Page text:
When I was a few years younger; well okay maybe more than a few, the hot thing for kids was MTV. Everyone wanted to be able to watch MTV; except maybe for those cranky old farts who didn’t like anything new coming along. From the very first broadcast of MTV the whole music industry changed. No longer was music just something you heard on the radio, went to a record store to buy your very own copy or go to concerts so you could actually see your favourite artists. With MTV you could do all of the above; especially if you had a VCR and quick fingers, and not even leave the comfort of your living room.
Something else happened as well when MTV started broadcasting that a lot of people didn’t catch on to at first. As well as changing our music habits MTV also changed the way we heard news and information. Granted it was only news about music but it wasn’t very long before both advertisers and other types of news and entertainment media that used television started doing the same thing. What MTV did was deliver this news and information in shortÂ staccato bursts. In essence what they did was provide shorter bits of that information at a faster tempo. This is what became known as the MTV Sound Bite and it was soon being emulated across the television landscape.
The first to follow MTV’s example were the advertisers. Commercial actors started saying their lines faster cramming more crap in that 15, 20 or 30 seconds. Following close on their heels was the television news media as you could noticeably hear the increase in people’s speech. Even shows like Friends and Seinfeld employed this technique so they could shorten the actual time of the show and then cram in even one or two more commercials. I remember when my father was writing the Canadian T.V. show Adventures in Rainbow Country that the showtime ratio then was for a half hour show the actual script time was anywhere between 20 and 25 minutes. Now it is more like 15 to 20 minutes.
MTV’s reasoning behind this was that the audience demographic they were going after was the teenager to young adult and the belief was (is) that this age range has short attention spans. So the concept of short burst of information followed by either commercials or a music video came about. The idea being to grab their attention as quickly as possible and switch to new things as quickly as possible. In the following years we have been trained to accept less and less real information as being okay. After all we all have such busy lives so the more that we could cram into short spaces of time the better.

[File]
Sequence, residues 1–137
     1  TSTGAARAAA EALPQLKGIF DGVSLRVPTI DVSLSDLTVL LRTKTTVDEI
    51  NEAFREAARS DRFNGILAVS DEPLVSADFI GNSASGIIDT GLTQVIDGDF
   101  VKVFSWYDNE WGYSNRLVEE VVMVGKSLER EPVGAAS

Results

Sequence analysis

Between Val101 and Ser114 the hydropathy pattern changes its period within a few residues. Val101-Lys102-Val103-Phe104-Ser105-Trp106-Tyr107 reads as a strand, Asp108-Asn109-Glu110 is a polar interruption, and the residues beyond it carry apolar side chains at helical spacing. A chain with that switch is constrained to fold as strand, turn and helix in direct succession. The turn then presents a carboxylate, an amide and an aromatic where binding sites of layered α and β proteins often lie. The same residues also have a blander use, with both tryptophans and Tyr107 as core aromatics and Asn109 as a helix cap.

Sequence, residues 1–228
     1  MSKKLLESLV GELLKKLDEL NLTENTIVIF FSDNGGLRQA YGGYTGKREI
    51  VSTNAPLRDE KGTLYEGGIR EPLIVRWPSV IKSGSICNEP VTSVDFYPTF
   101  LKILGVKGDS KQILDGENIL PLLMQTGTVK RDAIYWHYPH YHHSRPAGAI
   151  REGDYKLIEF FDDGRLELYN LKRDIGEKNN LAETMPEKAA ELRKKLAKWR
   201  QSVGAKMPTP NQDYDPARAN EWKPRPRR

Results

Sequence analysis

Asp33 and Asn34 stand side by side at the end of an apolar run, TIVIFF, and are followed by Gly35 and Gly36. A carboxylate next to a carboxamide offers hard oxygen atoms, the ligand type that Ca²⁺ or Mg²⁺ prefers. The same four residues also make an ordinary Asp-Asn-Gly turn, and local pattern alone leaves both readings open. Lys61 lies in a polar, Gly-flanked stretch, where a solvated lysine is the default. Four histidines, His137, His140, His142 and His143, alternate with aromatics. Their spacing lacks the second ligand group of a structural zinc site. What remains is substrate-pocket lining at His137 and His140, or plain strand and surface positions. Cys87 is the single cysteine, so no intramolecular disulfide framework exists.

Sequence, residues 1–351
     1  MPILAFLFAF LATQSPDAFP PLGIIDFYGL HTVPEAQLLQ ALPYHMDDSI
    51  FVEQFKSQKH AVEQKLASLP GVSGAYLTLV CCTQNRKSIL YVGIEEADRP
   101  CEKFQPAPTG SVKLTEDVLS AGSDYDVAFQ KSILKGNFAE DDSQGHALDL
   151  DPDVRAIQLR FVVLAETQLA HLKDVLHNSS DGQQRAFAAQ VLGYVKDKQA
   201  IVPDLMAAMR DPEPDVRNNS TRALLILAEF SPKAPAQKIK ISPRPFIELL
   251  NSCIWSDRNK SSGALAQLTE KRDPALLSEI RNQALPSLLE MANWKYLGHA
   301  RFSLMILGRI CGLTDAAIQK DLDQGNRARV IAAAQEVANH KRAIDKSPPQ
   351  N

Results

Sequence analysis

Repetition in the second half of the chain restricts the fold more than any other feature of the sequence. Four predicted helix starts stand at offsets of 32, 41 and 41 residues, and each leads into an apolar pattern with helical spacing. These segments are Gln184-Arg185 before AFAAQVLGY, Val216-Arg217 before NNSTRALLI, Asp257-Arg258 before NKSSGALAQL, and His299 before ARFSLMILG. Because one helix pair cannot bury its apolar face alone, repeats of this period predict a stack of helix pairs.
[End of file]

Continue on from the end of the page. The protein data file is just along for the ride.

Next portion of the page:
This idea of being able to grab a person’s attention as quickly as possible and provide them with the most concise amount of information as possible while still making money from that short attention span is nothing new. However as Alexander van Elsas points out in a post today the whole Web 2.0 and social media movement has taken this idea of the Attention Economy to heart and refined it even more
Itâ€™s the rat race for attention that makes soundbites more important than substance. Media need soundbites to get the attention of the consumer. And it seems all we care about is to listen to soundbites. The complexity of everything is reduced to a one-liner.
The fact is that blogs with short and snappy posts will do better than blogs like mine or Alexander’s. Chances are that I probably have already lost more than half the people who started reading this post because it is too long windedÂ or is in need of an editor to make it short and snappy. I’ve lost count of the number of comments I’ve had on past posts that say almost those exact words. Everyone wants the TechCrunch and Digg style synopsis posts because they are too busy to take time to worry about in depth or wordyÂ posts. If we can’t cram everything we want to say within a single paragraph the majority of readers won’t bother than doing anything more than skim the first couple of paragraphs, form their opinion and then be on their way to the next snappy post.
One has to wonder though if we aren’t losing something in this hyper-reading. Alexander says in his post
We havenâ€™t become any dumber than we used to be? If anything, we can and should be better informed in this information age. Are we really that busy that we canâ€™t find any time anymore to digest anything? Somehow I doubt that. It seems that interaction has become more important than what youâ€™re interacting about. Form over substance. If the habits of the early adopters are at al predicting what we are heading for then it will only get worse. There isnâ€™t time to read a long blog post anymore, because everyone is so busy aggregating content and having â€œdiscussionsâ€Â over it. No need to fully understand the issue at hand, just read a TechCrunch headline and you are fully informed of todayâ€™s reality. Breaking news is reduced to 140 character Tweets. The shorter the better.
Shorter is better. If this is indeed the case then I think we are really losing something very valuable – the ability be a truly knowledgeable society. When this happens I believe there is indeed a dumbing down of our society. If we are really happy being fed smaller chunks of information we are removing the ability to make real value judgements. It also becomes much easier to manipulate us, to polarize us, to trivialize even the important news in our day to day lives.
Do we really need for our attention to be manipulated this way?
Do we really not have enough time to let our attention be grabbed by something more than single paragraphs?
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